Today I spent daytime hours at work, where the breakroom TV is usually on Fox or CNN. I'll be surprised if Alan is mentioned, unless Jill herself brings him up.

Wednesday, March 29, 2006

Lake Michigan Levels: In Permanent Decline?

A 2005 study suggests that lake levels in Lakes Michigan and Huron are in permanent decline. According to the January 24, 2005 press release
:“In 1962, a shipping channel was dredged out of the St. Clair River that effectively opened a bigger drain hole in the Great Lakes,” said John Pepperell, president of Georgian Bay Association, a Canadian non-profit organization which coordinated the six-month study by W.F. Baird & Associates Coastal Engineers for GBA Foundation, a registered Canadian research charity. “Everyone knew about the one-time loss of water that was caused when that channel was first opened. However, we have now discovered that ongoing erosion is making the outlet from Lake Huron larger, allowing water to leave faster than had been recognized.”

According to the report, the channel is eroding and is now over 60 feet deep at critical sections near the outflow. It only needs to be 30 feet deep for shipping. Pepperell said that “without implementation of corrective measures, this drop represents an irreversible and ongoing decline in the long-term average levels of Lakes Michigan and Huron.”

You can read the whole report here (PDF 141 pages), the press release here,and the Army Corps of Engineers' rebuttal here. From Leelanau, surrounded by Lake Michigan, it's hard to ignore what seems to be ever-widening beaches. Lake levels do come up after a hard rain, but they drop soon after. We have been several winters without good ice cover on Lake Michigan (ice prevents evaporation) and big snowfalls to melt and replentish the lakes.

Thursday, March 23, 2006


Posted by Picasa
I just downloaded Picasa 2 and I've been playing with it. This is an image of Liz that Shelagh took down by the lake. I was able to remove the shadows from Liz's face, convert her to black and white, and soften the focus on everything but her face.

She looks like she's flying.

Tuesday, March 21, 2006

Seussical, The Musical

This year Leland Public School is combining forces with St Mary's School to present Seussical, The Musical.

The first parent's meeting was last night. The casting is done and the kids have been rehearsing. there is only one commercial CD of the music, but the kids have been listening to it night and day.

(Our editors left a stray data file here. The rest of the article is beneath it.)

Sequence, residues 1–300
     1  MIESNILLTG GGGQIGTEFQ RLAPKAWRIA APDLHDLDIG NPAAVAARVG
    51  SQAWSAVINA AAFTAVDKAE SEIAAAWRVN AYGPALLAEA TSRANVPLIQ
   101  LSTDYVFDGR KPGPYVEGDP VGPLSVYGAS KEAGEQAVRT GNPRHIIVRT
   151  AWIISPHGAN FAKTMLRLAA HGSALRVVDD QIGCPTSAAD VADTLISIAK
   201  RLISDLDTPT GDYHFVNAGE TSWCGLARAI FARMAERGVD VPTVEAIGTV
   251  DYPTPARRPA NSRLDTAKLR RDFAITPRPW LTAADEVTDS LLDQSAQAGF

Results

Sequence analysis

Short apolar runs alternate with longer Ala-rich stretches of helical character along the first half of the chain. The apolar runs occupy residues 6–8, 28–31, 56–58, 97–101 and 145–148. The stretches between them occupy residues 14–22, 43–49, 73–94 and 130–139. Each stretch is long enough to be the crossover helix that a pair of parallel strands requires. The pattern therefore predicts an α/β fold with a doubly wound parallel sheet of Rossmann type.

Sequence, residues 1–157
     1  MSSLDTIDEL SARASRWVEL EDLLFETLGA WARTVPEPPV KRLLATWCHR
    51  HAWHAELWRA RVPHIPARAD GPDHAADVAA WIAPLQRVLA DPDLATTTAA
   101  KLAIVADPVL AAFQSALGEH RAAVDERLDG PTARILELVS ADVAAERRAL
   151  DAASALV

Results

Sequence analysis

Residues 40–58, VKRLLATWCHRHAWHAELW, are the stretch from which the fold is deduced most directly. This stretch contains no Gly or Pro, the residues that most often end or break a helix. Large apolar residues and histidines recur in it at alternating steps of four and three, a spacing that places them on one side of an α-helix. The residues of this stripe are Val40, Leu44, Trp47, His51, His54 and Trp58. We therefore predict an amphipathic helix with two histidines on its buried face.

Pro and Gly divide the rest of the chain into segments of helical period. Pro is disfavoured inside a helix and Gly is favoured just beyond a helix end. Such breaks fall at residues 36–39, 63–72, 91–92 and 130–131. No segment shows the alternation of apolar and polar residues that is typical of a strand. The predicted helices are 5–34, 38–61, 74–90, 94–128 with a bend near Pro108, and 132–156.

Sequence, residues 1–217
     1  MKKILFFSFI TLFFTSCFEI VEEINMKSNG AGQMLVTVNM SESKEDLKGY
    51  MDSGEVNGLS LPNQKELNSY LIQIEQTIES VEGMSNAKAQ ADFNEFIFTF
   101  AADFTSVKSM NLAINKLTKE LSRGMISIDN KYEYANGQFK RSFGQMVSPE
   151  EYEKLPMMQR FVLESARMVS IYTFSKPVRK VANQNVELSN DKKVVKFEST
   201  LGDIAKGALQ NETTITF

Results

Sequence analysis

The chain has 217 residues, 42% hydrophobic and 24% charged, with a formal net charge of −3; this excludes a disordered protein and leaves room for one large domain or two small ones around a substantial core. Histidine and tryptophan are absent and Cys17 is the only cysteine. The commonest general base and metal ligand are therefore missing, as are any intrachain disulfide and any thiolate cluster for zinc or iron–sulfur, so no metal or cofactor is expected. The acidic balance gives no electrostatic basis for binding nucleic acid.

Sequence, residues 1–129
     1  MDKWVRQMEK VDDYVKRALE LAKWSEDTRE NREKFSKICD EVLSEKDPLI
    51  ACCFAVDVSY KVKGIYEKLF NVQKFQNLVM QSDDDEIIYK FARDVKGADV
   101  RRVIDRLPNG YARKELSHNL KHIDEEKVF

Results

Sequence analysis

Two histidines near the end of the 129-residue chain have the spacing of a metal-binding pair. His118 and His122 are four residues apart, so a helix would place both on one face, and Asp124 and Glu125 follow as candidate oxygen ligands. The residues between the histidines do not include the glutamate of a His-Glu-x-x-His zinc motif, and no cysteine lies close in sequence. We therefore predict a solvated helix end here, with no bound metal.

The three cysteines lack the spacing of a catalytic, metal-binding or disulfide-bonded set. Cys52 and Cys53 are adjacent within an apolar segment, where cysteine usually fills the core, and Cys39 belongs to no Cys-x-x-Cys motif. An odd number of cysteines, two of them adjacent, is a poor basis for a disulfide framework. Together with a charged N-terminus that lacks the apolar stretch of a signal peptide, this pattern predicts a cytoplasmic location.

Peformances are planned for two weekends, May 12 and May 19, at the Performing Arts Center at Leland Public School.

I've found some links that will help us old folks get up to speed. First a synopsis of the show. This article from Playbill gives some insight as to why Seussical is so popular. There is also a photo of characters in costume, but I offer this only as a suggestion. Our cast is creative and our budget is small, so I expect our costuming to look less commercial and more interesting.

Maybe like these photos from the production at Western High School in Parma, MI. Or this extensive slide show of costumes from a production near Vancouver, BC. Or Santa Monica College's production. Here's another high school production. Those folks must love to sew!

This page takes a long time to load, but it showcases the work of a middle school art class that created the props for their school's production. I was clueless when Jeremy talked about needing props for this show. Now I'm starting to get it.

You can learn more about the composer and lyricist of this show by checking out the Ahrens and Flaherty website. The photo at the top of this article is from the photo section of that website.

Monday, March 20, 2006

More HONK! Costume Photos

It's that time of year again! Time to stage a school musical. I've been getting hits on my HONK! review from people who are searching for costuming ideas for their own HONK! productions, So I might as well share some pictures from last year's show. Here is Derek Telgard playing the part of the Bullfrog, and Kevin Price as Ugly:
John Gleason as the cat:

Shelagh as Dot (the wild goose fight attendant)

Ugly is taunted by the other ducklings:

Check out my HONK! review for more costume shots.

Sunday, March 19, 2006

I'm Not This Kind of Parent, Either

A while back I wrote about navigating the fine line between parenting and interference while watching 4 year old Anna trying to ride her tricycle down the slide.

I was myself calculating exactly how long I could wait before dashing out to catch her. She eventually chose to push the trike down and then slide down after it, but she did solve her own problem.